Factbox-Key moments from fourth day of witness testimony at Chauvin trial


View of Chicago Fine Arts Gallery near George Floyd Square, where mementos dedicated to George Floyd are on display, while the city of Minneapolis enters its third day of the trial of Derek Chauvin, who is facing murder charges in the death of George Floyd, in Minneapolis, Minnesota, U.S., March 31, 2021. REUTERS/Octavio Jones

(Reuters) -The jury in the murder trial of former Minneapolis policeman Derek Chauvin heard testimony on Thursday from George Floyd's girlfriend who told of how the couple struggled with addition, and a retired police sergeant who said that Chauvin told him that Floyd was combative and went "crazy" on the night he died.

Chauvin, who is white, had been pressing his knee into the neck of Floyd, a 46-year-old Black man in handcuffs, for about nine minutes, a scene that ignited global protests against police brutality.

Chauvin has pleaded not guilty to murder and manslaughter charges. His lawyers have argued that Floyd's death, which the county medical examiner ruled was a homicide, was an overdose caused by the opioid fentanyl.

Here is some testimony from court on Thursday:

MINNEAPOLIS POLICE SERGEANT DAVID PLEOGER

Former Minneapolis police officer Derek Chauvin told retired Minneapolis Police Sergeant David Pleoger in a brief phone conversation that George Floyd was combative during the deadly incident, according to a recording of the phone call played during Chauvin's murder trial.

"We just had to hold a guy down who was going crazy on the back of the passenger floor," Chauvin was heard saying to Pleoger, who testified on Thursday.

Later that night at the hospital where Floyd was taken, Pleoger spoke with Chauvin again. It was then that Chauvin told him how he restrained Floyd.

"He said he knelt on Floyd or knelt on his neck," Pleoger testified.

SETH BRAVINDER AND DEREK SMITH, PARAMEDICS WHO TREATED FLOYD

Floyd had no pulse when Seth Bravinder and Derek Smith of Hennepin Emergency Medical Services arrived in an ambulance outside Cup Foods.

They had to ask Chauvin and other officers to move.

"They were still on top of him," Bravinder told the jury. His first thought was that some kind of struggle was going on, but it quickly became clear that Floyd was limp.

Smith could not find a pulse, and his pupils were dilated. Bravinder cradled Floyd's head as they transferred him to a gurney. They stopped two blocks away to continue resuscitation efforts on Floyd. Bravinder saw a flat line on the heart monitor.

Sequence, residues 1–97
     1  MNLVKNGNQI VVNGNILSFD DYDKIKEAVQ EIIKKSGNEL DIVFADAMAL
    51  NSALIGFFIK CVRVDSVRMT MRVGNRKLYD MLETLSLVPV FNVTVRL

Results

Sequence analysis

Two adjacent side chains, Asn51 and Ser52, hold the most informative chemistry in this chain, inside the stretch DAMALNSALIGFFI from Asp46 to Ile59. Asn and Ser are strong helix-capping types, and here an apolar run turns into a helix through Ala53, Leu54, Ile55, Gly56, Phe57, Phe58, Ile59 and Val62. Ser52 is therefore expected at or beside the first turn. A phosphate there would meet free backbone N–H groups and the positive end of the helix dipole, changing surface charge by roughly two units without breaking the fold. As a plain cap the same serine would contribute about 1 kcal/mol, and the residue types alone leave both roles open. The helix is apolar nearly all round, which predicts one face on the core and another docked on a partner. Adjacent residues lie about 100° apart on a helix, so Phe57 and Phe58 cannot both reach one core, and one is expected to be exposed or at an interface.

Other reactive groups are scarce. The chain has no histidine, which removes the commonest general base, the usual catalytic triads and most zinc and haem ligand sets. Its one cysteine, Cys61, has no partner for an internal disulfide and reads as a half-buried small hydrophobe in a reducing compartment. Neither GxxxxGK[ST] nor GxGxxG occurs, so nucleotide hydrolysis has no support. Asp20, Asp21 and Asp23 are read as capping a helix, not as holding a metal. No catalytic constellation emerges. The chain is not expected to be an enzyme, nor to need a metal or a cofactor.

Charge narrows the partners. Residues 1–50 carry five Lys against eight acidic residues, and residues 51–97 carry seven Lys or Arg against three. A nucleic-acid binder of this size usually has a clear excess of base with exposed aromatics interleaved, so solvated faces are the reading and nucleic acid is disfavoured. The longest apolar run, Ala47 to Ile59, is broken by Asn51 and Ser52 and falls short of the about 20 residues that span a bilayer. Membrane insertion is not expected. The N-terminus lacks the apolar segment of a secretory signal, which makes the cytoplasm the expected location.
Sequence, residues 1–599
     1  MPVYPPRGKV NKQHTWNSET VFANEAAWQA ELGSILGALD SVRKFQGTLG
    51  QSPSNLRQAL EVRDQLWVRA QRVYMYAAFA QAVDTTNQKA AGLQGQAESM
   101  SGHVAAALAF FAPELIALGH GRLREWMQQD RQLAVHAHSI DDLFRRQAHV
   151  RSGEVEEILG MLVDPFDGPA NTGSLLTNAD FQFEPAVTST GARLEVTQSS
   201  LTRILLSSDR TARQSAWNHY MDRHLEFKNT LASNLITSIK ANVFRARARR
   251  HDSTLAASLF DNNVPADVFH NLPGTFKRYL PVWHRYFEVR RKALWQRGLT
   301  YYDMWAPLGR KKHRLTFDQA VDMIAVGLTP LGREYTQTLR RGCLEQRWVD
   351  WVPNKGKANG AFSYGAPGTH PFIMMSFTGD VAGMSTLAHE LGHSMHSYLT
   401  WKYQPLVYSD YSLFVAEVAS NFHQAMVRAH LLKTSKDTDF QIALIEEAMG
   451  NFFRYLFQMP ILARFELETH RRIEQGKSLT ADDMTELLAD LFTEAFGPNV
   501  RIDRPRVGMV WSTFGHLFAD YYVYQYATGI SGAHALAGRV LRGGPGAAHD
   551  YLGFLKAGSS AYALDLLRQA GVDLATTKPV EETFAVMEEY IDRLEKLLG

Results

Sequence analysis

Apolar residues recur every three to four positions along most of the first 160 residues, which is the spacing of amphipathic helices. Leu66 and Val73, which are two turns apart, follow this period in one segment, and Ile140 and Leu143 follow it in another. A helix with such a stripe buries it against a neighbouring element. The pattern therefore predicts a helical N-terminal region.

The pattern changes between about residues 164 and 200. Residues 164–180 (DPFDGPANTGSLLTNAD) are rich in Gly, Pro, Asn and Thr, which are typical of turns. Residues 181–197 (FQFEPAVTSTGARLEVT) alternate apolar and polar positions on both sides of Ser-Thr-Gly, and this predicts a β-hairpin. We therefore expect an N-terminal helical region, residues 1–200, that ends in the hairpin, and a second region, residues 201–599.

"It's not a good sign," Bravinder said.

Jurors were shown images of paramedics checking Floyd inside the ambulance, congealed blood below his nose and red scrape marks on his left shoulder.

COURTENEY ROSS, FLOYD'S GIRLFRIEND

Courteney Ross, 45, was the first person who personally knew Floyd to testify in the trial. She tearfully spoke of their romance and their shared struggles with opioid addiction.

"It's one of my favorite stories to tell," she said, smiling toward the jury, when asked by a prosecutor how she first met Floyd in August, 2017, at a Salvation Army homeless shelter, where he worked as a security guard.

She was waiting in the lobby to see the father of her son, tired after closing up the coffee shop where she worked. Floyd approached her.

"Floyd has this great, deep, southern voice, raspy," she said, "and he was, like, 'Sis', you ok, sis'?'"

He sensed she felt alone, and offered to pray with her.

"It was so sweet," she said, dabbing a tissue to her eyes. "At the time I had lost a lot of faith in God."

They had their first kiss in the lobby that night and, but for the occasional break after a lovers' quarrel, were together until his death, she said.

She described how they both began taking prescription painkillers before turning to the black market.

"It's a classic story of how many people get addicted to opioids," Ross said. "We both suffered from chronic pain: mine was in my neck, his was in his back."

Sometimes they shook the habit, sometimes they relapsed.

"Addiction, in my opinion, is a lifelong struggle," she said. "It's not something that comes and goes, it's something I'll deal with forever."

(Compiled by Brendan O'Brien in Chicago and Jonathan Allen in Minneapolis; editing by Noeleen Walder and Stephen Coates)

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